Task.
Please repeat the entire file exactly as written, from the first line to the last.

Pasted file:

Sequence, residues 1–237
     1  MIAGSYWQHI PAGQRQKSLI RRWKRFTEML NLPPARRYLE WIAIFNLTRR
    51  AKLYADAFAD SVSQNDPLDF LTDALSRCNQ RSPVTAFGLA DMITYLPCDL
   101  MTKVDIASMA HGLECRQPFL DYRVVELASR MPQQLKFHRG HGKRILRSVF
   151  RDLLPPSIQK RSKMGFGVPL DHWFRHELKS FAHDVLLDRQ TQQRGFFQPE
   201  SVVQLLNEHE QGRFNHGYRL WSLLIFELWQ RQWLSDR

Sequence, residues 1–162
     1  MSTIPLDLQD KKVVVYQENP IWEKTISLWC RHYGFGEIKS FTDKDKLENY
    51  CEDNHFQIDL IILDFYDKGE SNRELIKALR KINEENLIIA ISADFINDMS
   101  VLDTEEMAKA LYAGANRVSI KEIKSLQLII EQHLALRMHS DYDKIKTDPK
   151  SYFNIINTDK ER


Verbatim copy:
Sequence, residues 1–237
     1  MIAGSYWQHI PAGQRQKSLI RRWKRFTEML NLPPARRYLE WIAIFNLTRR
    51  AKLYADAFAD SVSQNDPLDF LTDALSRCNQ RSPVTAFGLA DMITYLPCDL
   101  MTKVDIASMA HGLECRQPFL DYRVVELASR MPQQLKFHRG HGKRILRSVF
   151  RDLLPPSIQK RSKMGFGVPL DHWFRHELKS FAHDVLLDRQ TQQRGFFQPE
   201  SVVQLLNEHE QGRFNHGYRL WSLLIFELWQ RQWLSDR

Sequence, residues 1–162
     1  MSTIPLDLQD KKVVVYQENP IWEKTISLWC RHYGFGEIKS FTDKDKLENY
    51  CEDNHFQIDL IILDFYDKGE SNRELIKALR KINEENLIIA ISADFINDMS
   101  VLDTEEMAKA LYAGANRVSI KEIKSLQLII EQHLALRMHS DYDKIKTDPK
   151  SYFNIINTDK ER